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2019 – Hopes, Dreams, and Introductions

As we worked toward the launch of The Center over a year ago, we developed a set of guiding stances for the work of The Center for Congregational Song. I’d like to highlight a few of those guiding stances that I think speak to what we hope to accomplish in 2019.

 

 

HOPES

We celebrate the width and depth of variety in the church’s song throughout history, recognizing that each genre, like each culture or each person, brings unique gifts and challenges to the church.

My hope is that in 2019 The Center for Congregational Song will be a cheerleader for the church’s song and all those who work to lead God’s people in song. There is so much to celebrate, but during this time of overwhelming pain and hate it is easy to forget God’s love for us. Our events, while tackling difficult subjects and not shying away from controversy, will be places of celebration of God’s good gift of song and singing together. Likewise, our blogs, podcasts, and other content will be in the spirit of celebrating the goodness that comes from viewpoint diversity and deep listening.

 

DREAMS

Collaboration and teamwork honors each other’s different gifts and therefore makes everyone stronger by building up partnerships, strengthening relationships, and amplifying each other’s ministries.

My dream for 2019 is that the relationships and partnerships we’ve been building over the last 15 months will bear unexpected and wonderfully creative fruit. As a part of our ecumenical work to build bridges, we have been working hard to learn who is also working to encourage, promote, and enliven congregational song in every denomination, piety, and genre. This year we’re ready to begin building those bridges and already have a couple programs planned that will bring diverse groups of people together to meet, collaborate, and create.

 

INTRODUCTIONS

At its best, singing together enables unity when perhaps spoken conversation is difficult or impossible.

Our original blog team [introductions here], made up of Rosa Ramirez, Adam Perez, Ginny Chilton, and myself conceptualized the content for the blog as a place where folk would be sure to find joy, optimism, humility, grace, and contextualization. The posts, like the blog team members, would represent a variety of viewpoints and skill-sets so that throughout the year you might encounter posts that speak directly to your own ministry challenges as well as open your eyes to the challenges and thoughts of others. With that in mind, we’ve expanded our blog team for 2019 to include three more voices. Each person brings a unique perspective that will continue to challenge and inspire us. We’re excited to welcome each of these new members to our team!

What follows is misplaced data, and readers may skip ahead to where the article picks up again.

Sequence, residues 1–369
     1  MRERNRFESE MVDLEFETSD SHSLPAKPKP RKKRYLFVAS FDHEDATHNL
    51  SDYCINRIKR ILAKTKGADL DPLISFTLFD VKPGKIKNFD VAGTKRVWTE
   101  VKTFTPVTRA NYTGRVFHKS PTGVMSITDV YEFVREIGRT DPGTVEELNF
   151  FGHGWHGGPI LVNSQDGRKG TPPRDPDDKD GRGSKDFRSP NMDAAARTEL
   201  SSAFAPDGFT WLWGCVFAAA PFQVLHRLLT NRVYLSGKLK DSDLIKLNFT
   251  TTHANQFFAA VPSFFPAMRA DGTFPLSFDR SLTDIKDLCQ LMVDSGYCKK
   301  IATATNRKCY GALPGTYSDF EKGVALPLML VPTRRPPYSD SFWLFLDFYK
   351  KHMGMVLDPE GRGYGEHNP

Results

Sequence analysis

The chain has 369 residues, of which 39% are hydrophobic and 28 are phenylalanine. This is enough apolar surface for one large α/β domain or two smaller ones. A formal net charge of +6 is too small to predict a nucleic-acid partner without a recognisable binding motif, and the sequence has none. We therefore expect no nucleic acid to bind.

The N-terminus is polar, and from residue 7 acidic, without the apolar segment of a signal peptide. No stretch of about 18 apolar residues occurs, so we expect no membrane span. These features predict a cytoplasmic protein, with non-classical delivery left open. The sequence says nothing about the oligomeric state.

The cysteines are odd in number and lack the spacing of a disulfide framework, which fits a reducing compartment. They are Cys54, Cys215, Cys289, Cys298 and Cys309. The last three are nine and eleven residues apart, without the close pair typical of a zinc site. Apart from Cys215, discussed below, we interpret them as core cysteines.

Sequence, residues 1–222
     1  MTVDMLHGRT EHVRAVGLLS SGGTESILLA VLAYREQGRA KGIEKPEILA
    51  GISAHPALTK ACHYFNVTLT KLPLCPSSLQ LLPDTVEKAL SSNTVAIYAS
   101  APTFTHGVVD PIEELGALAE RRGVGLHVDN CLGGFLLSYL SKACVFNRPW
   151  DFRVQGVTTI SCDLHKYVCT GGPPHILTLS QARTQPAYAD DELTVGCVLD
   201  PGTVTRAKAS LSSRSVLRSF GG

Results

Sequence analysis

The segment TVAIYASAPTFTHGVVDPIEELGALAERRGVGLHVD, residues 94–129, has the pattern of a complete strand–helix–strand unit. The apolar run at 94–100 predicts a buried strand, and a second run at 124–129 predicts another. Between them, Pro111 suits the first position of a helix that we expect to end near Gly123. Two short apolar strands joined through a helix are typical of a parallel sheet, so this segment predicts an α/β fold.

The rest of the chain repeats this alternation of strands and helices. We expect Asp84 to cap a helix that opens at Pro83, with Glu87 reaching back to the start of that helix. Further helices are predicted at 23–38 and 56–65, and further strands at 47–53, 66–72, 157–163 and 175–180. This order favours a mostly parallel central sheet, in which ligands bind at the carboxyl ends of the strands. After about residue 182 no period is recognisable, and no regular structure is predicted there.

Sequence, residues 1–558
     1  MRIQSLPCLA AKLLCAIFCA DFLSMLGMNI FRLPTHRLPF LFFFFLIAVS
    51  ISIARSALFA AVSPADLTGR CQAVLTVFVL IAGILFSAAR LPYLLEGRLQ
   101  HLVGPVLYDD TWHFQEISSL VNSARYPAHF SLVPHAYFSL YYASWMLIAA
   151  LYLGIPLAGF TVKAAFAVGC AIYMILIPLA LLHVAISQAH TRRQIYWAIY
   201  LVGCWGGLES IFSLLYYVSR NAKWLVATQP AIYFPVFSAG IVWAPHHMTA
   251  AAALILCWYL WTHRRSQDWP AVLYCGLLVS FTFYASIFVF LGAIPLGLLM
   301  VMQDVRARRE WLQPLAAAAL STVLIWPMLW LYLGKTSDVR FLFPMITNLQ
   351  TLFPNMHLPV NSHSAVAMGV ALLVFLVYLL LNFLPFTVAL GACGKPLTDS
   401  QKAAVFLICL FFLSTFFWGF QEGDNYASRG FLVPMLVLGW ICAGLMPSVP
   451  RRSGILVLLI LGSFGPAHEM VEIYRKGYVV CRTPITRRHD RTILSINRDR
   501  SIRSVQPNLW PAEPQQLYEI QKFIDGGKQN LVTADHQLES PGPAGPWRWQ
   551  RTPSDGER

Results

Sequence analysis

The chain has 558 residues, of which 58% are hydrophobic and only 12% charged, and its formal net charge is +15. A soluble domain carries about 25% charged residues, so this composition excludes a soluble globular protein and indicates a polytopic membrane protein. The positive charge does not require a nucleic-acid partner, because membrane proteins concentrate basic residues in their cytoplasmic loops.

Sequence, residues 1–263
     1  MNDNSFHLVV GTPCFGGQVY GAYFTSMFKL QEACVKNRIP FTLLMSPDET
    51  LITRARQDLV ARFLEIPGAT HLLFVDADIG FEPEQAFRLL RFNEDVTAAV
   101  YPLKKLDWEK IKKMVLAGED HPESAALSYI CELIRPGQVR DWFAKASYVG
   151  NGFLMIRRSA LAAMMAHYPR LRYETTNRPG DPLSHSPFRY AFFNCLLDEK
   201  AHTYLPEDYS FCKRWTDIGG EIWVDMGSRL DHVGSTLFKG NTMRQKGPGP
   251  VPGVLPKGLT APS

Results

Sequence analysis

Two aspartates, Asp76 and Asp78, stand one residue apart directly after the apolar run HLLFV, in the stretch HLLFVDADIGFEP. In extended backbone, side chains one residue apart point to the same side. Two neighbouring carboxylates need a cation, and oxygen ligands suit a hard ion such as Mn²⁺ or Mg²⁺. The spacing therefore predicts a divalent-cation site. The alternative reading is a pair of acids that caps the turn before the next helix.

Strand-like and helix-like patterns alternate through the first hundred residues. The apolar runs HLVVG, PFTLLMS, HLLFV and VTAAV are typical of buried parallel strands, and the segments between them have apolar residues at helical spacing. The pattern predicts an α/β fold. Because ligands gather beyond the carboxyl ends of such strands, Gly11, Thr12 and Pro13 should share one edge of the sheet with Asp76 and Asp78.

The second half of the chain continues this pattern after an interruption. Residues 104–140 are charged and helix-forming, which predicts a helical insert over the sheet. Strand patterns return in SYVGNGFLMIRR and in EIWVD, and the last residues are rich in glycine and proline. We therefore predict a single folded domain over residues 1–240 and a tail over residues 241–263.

The Center for Congregational Song, Centered in Song, Blog, Church Music, Song

Felicia Patton is a lifelong Chicago native. Felicia received an undergraduate degree from North Park University followed by two graduate degrees from Garrett-Evangelical Theological Seminary. She was very active while at North Park, having served on worship teams, gospel choir, jazz choir, jazz band, and guitar ensemble. In her previous position, she was the director of traditional worship, where she directed three choirs. Felicia has continued to sing within the Chicago and surrounding areas as a solo artist and with her band, Chicago Soul Revue.

 

Center for Congregational Song, Centered in Song, Blog, Hampton, Atlanta, Church Music

Min. Rylan Harris is a graduate of Hampton University in Hampton, Virginia. While still active with the Hampton Minister’s Conference, he has recently moved to Atlanta, Georgia to pursue a Master of Religious Leadership with a concentration in Music and Worship at Candler School of Theology. He now serves as Minister of Worship & Arts at Ray of Hope Christian Church with Senior Pastor Rev. Dr. Cynthia L. Hale. Along with his passion for music ministry, he is a keyboardist, singer, and composer.

 

Center for Congregational Song, David Bjorlin, Centered in Song, Blog, Singing, Church

David Bjorlin is an ordained pastor in the Evangelical Covenant Church (ECC) and currently serves as the worship pastor at Resurrection Covenant Church in Chicago. In addition to his role as worship leader, David is a lecturer in worship at North Park University and a published hymnwriter. He holds a PhD in History and Hermeneutics (liturgical studies) from Boston University School of Theology. His academic interests include the history and practice of hymnody/congregational song, the connection between worship and ethics, and the incorporation of children in worship.

 

 

 

We hope you’ll join us in celebrating and collaborating. Here’s to a great 2019!

 

 

We’d like to welcome our latest guest blogger, David Bjorlin. David is a worship pastor at Resurrection Covenant Church in Chicago, seminary faculty member at North Park Theological Seminary, and a published hymn writer. David has found a wide range of outlets for his passion for worship and the church. His interests include hymnody, connections between liturgy and ethics, and children in worship. He loves being able to plan worship so that a congregation may enact and indwell the redemptive story of God in worship week after week. – Brian Hehn, Director of The Center for Congregational Song

A Key Question